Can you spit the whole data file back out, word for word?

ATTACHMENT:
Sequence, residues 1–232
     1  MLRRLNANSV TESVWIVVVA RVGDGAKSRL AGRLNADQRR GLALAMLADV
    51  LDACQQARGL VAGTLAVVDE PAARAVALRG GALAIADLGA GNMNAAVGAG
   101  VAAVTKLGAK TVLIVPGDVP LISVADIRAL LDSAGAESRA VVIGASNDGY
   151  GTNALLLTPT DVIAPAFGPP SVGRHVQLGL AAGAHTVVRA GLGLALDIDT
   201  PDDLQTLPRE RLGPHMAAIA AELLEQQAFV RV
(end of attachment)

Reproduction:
Sequence, residues 1–232
     1  MLRRLNANSV TESVWIVVVA RVGDGAKSRL AGRLNADQRR GLALAMLADV
    51  LDACQQARGL VAGTLAVVDE PAARAVALRG GALAIADLGA GNMNAAVGAG
   101  VAAVTKLGAK TVLIVPGDVP LISVADIRAL LDSAGAESRA VVIGASNDGY
   151  GTNALLLTPT DVIAPAFGPP SVGRHVQLGL AAGAHTVVRA GLGLALDIDT
   201  PDDLQTLPRE RLGPHMAAIA AELLEQQAFV RV